The records between the end of the Civil War and the end of the nineteenth century are still being researched. The Harrisburg city directories show an evolution in his employment from laborer to porter to express agent. He has been located in the early 20th century censuses of Harrisburg – first as a teamster, with his own team, and finally into retirement by the 1920 census. The African American newspaper, State Journal, reported him ordained as a deacon in the African Methodist Episcopal Church in 1884, and many articles have been located in the Harrisburg Patriot where he is referenced as “Rev. James A. Stokes.” Most of the 20th century Harrisburg city directories refer to him as “Rev.”
There is evidence that James A. Stokes was married to Annie M. Henderson, and at least two children have been confirmed from that union: Clara Stokes, who married a Smith, was born some time around 1872; and Frank Theophilus Stokes, born about 1884,who married Grace Moston.
Turning now to the question of whether there is any documented evidence that James A. Stokes served in the 9th Pennsylvania Cavalry, no record has been seen which places anyone of the name James A. Stokes (or similar name) in that regiment, though it is possible that he followed the cavalry in some unofficial capacity, doing necessary work, but this is only speculation.
The Kentucky place names previously given were Woodburn and Warren County. Warren County, Kentucky is located south of Louisville, near the border of Tennessee, and on the road to Nashville. The county seat is Bowling Green. Woodburn, Kentucky, is a small community about 5 miles south of Bowling Green. From the map provided by John W. Rowell in Yankee Cavalrymen (pages 16-17) of the “territory traveled by the 9th Pennsylvania Cavalry,” it can be seen that the Louisville and Nashville Railroad passed through this area. By following in reverse the route taken by the 9th Pennsylvania Cavalry, the railroad connections go from Louisville, north to Jeffersonville, Indiana; from there to Indianapolis; then through Ohio to Pittsburgh; and finally to Harrisburg – if James A. Stout took that route. If he followed the 9th Pennsylvania Cavalry through the war years he would have spent a great deal of time in the states of the Confederacy, moving through enemy territory, always with the chance of being captured. In that it is clear from his enrollment papers that he was in Harrisburg as early as March 1864, it is more likely that he arrived there via the northern route (railroads described above) and that he did not stay with the 9th Pennsylvania Cavalry as it headed into the deep south.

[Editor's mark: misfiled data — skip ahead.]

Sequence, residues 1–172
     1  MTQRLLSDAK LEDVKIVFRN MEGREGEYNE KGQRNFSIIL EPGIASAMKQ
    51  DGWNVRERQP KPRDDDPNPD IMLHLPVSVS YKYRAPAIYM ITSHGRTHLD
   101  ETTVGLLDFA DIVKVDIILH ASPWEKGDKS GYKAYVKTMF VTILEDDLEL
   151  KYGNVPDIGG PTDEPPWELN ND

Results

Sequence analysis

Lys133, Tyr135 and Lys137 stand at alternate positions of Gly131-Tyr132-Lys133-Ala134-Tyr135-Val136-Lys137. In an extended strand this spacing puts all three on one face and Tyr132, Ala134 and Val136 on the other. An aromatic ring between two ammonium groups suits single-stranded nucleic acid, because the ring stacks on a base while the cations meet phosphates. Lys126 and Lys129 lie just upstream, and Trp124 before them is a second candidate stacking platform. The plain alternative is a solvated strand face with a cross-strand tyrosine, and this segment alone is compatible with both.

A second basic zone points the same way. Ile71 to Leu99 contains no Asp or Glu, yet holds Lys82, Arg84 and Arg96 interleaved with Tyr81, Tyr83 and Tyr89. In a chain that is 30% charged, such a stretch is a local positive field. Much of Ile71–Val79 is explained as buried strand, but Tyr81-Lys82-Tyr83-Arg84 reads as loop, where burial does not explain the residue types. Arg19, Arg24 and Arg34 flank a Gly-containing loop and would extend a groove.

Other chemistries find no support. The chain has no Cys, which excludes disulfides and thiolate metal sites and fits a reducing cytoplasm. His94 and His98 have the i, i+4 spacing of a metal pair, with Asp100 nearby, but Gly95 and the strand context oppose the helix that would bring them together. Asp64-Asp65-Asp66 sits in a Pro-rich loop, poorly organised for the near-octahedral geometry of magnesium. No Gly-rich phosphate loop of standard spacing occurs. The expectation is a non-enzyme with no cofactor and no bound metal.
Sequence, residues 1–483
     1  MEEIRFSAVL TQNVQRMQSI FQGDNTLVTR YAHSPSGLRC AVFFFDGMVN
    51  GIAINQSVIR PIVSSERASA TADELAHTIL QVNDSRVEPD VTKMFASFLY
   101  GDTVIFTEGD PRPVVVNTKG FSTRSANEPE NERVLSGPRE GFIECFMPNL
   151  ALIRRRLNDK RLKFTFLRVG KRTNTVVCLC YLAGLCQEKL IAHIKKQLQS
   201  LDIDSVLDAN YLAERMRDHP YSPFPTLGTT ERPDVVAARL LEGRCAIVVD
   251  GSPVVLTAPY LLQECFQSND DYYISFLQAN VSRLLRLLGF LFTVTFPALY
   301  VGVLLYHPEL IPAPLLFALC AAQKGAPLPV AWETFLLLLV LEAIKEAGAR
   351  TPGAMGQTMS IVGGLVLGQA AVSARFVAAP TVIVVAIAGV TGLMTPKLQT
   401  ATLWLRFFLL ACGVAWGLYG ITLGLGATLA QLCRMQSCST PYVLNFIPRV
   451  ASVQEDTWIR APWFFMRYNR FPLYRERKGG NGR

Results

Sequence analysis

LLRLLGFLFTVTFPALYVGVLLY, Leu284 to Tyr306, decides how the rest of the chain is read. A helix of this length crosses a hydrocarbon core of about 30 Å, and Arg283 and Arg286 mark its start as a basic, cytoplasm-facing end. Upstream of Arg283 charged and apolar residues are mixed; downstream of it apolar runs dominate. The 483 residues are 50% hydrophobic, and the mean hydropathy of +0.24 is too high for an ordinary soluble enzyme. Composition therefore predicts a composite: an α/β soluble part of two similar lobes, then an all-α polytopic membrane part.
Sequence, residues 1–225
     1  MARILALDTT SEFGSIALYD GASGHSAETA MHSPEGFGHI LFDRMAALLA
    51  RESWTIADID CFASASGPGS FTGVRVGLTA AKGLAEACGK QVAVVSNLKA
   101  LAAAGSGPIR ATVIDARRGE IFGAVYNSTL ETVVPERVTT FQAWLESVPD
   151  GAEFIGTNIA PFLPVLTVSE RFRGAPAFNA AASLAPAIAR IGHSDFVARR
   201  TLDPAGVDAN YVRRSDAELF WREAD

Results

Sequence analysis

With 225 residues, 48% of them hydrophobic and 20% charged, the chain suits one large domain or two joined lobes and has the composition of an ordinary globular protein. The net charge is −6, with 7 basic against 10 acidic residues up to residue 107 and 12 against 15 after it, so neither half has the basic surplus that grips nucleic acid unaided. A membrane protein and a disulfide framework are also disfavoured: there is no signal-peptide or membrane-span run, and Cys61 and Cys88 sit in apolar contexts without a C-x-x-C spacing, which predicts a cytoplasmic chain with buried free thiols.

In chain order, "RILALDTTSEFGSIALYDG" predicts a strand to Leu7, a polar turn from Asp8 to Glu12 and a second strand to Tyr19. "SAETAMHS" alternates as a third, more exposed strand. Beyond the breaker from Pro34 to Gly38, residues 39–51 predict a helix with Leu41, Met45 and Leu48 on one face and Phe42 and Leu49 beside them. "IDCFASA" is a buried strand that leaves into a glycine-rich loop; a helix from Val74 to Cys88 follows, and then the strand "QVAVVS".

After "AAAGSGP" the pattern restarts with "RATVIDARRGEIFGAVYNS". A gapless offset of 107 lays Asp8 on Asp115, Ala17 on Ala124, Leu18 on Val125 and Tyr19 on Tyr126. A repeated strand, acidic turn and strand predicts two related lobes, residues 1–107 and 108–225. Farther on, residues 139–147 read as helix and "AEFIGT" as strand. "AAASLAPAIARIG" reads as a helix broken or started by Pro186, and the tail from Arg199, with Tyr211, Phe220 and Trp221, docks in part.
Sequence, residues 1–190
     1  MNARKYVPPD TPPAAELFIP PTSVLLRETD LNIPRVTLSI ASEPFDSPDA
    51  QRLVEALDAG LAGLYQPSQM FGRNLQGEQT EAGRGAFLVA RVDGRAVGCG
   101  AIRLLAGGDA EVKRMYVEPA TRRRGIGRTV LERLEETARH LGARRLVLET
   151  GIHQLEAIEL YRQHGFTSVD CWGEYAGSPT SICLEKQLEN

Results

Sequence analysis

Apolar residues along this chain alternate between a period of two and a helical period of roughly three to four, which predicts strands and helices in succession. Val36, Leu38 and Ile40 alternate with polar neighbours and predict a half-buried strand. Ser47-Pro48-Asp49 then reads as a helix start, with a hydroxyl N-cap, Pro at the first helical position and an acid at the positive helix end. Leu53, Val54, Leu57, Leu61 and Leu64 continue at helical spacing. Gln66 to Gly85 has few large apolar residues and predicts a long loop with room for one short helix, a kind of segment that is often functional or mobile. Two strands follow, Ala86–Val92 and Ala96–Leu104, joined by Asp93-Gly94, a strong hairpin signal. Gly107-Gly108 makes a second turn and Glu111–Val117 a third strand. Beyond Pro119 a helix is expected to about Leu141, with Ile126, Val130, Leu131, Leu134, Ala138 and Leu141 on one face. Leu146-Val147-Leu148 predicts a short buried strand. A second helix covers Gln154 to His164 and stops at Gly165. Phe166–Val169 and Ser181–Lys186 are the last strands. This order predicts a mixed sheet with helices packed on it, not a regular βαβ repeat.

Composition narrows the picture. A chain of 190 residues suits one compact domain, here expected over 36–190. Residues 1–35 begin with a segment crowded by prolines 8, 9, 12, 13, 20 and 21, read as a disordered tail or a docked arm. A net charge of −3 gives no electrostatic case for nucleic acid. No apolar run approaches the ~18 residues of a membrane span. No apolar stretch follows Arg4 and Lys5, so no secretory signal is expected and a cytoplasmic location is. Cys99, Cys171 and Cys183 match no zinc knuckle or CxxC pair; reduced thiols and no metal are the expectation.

Therefore, in further researching the pre-1864 life of James A. Stokes, it is essential to understand the geography and history of Woodburn and Warren County, Kentucky. Perhaps in some of the documents of that area, he can be located. And, having an understanding of the movements of the 9th Pennsylvania Cavalry and some of the skirmishes and battles that took place there, might give some insight into how James A. Stokes met up with this regiment and what could have happened as a result.
Much research still needs to be done on this Civil War veteran. But, what is very clear is that an interesting story is emerging from delving further into the “In Pastor’s Honor” article that appeared in the Harrisburg Patriot, 1 February 1905.
Comments are invited.